Washing the floor? Sure. Washing the windows? Absolutely. But how do you wash your walls?
When one of my littles was very young, I walked into her room at the end of nap time to find out that she had redecorated a portion of a lower wall in crayon. And with that discovery, all of that relaxing energy from the peace and quiet of the hour was gone! BUT it was not a disaster. We had painted the walls with a low maintenance, washable latex and a quick wipe down with a moist sponge did the trick.
Not every clean up job is quite that simple, however, so here are some tips that will help you clean this particular part of your home. Clean walls really freshen up a home, both in look and smell, so here are the tips to get you there:
Pick your timing
It’s best to do this kind of cleaning when you can open the windows and / or door to get some fresh air through to help with the drying process. Late spring is particularly nice, to get rid of the fug of winter that has settled on your walls as it has everywhere else; spring cleaning time is the opportune moment.
That said, walls in kitchens and bathrooms should get a light wipe down more frequently than the rest of the house as they tend to be places to get spattered with soap, grease, and so on.
Prep your space as if you were going to paint
You need to prep each room that you plan to wash as if you were painting.
- Remove all paintings and wall art.
- Move all furnishings away from the walls.
- Put drop cloths in place. (TIP: use cloth rather than plastic: they will absorb drips, rather than becoming slippery surfaces!)
- Dust the walls and any permanent design features like cornices, trim, baseboards. You might want to use the vacuum for corners and other areas that are prone to collecting dust. Be gentle though!
- Prepare two buckets: one with your cleaning mixture and a sponge and the other with clean water and a new sponge, for rinsing.
- Have clean cloths at the ready for blotting.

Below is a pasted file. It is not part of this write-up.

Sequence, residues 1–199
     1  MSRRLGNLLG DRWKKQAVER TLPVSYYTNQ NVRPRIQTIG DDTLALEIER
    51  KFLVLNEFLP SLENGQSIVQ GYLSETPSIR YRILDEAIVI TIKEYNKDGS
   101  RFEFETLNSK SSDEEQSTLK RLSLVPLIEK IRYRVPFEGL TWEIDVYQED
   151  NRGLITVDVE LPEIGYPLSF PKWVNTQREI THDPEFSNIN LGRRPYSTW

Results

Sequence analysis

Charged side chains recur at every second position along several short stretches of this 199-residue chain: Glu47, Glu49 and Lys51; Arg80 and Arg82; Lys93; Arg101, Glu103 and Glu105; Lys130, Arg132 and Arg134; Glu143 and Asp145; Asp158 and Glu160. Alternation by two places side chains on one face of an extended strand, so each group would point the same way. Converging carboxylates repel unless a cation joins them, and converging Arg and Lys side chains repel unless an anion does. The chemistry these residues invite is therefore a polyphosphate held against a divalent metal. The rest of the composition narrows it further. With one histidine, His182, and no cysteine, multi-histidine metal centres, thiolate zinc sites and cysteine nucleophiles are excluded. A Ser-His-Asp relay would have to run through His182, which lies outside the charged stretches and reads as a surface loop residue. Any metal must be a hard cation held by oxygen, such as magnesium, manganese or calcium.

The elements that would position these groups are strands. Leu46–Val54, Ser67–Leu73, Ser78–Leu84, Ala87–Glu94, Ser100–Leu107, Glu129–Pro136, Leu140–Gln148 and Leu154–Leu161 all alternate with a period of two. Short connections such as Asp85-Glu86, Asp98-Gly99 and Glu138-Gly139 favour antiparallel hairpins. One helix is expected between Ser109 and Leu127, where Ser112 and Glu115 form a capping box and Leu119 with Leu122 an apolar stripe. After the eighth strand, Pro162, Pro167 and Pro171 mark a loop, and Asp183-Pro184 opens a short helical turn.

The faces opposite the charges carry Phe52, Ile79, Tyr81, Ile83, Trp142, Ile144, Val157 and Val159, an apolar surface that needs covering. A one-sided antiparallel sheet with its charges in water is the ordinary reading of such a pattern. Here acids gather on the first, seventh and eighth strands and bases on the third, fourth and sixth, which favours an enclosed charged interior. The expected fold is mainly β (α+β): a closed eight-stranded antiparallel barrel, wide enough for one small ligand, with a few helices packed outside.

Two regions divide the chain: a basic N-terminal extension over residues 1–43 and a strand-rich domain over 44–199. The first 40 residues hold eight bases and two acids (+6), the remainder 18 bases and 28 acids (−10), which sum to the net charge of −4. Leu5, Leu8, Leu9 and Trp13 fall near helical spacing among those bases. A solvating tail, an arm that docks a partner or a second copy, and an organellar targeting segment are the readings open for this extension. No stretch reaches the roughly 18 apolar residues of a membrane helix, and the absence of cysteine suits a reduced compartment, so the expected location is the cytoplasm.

Wash your painted walls!
With your cleaning water, you moisten a clean sponge and wash away, from bottom to top and side to side. You want to avoid creating ‘wash lines’ so, before each wall dries, rinse it with clean water and a fresh sponge. If your washing water is getting dirty, switch it out. You don’t want to be applying dirt BACK onto your walls!
If you need to spend some time in some areas working at fingerprints or other grime, make sure you take the time to rinse before the soapy water dries. It’s okay to take a break BETWEEN walls for a cup of tea, but don’t stop mid-wall or you could end up with those dreaded wash lines.
Once you’re done washing and rinsing a wall, blot excess moisture with the clean cloths and pop those windows open to air dry nicely!
TIP: use natural coloured sponges and soaps. Anything with colour could stain lighter coloured walls!
- 4 litres of warm water
- 1 generous squirt of dishwashing detergent
If you have some spectacularly dirty spots, where people put their hands to go down the stairs for example, or walls that have retained a lot of odours over time, you might need to up the strength of your cleaning recipe by having a separate bucket of a stronger combination:
Cleaning PLUS recipe
- Same as above PLUS
- A cup of white vinegar
- A cup of clear ammonia
NOTE: you need to test this recipe before using it, on a hidden corner, to make sure that your paint can take it!
Cleaning a wallpapered wall
If you had put up the paper yourself, you should be able to check with the manufacturer to see what they recommend. Assuming you don’t have that option, here are some other suggestions:
- Dust the wallpaper walls, as you would painted walls. Vacuuming is even more effective here, particularly for textured wallpaper. Use the soft brush attachment to get the most out of the effort.
- For older wallpaper / if you don’t know if it’s washable or not: get a dry sponge from your local hardware store to remove dirt. You don’t use water so you can preserve but still extend the life of your wallpaper. Another option is a product called ‘wallpaper dough’: you simply take some in a ball and run it along the paper to pick up any dirt and debris. Also, any wallpaper made from a natural fibre such as hemp, cork or fabric cannot be washed with water, so these techniques will work best for you!
- For washable wallpaper: use the same technique as for painted walls though with even LESS cleaning solution in the sponge—it should be barely damp—and don’t forget to test a hidden corner first! Go at it gently: you don’t want to scrub away the paper!
- For specific areas of fingerprints or other dirt, you can get commercially produced wallpaper cleaner (which, again, would need to be tested on a corner first!) but another option is artist’s gum erasers. They crumble when used, so they don’t tear at your wallpaper.
Fun Fact: Did you know that Play-Doh was originally invented to be a wallpaper cleaner? Really! The wallpaper dough I mentioned above is just the more modern version of it, but in its original form in 1933, it was made up of flour, water and salt. Sound like a familiar recipe?
Do you have any wall cleaning tips that we didn’t share here? Let me know!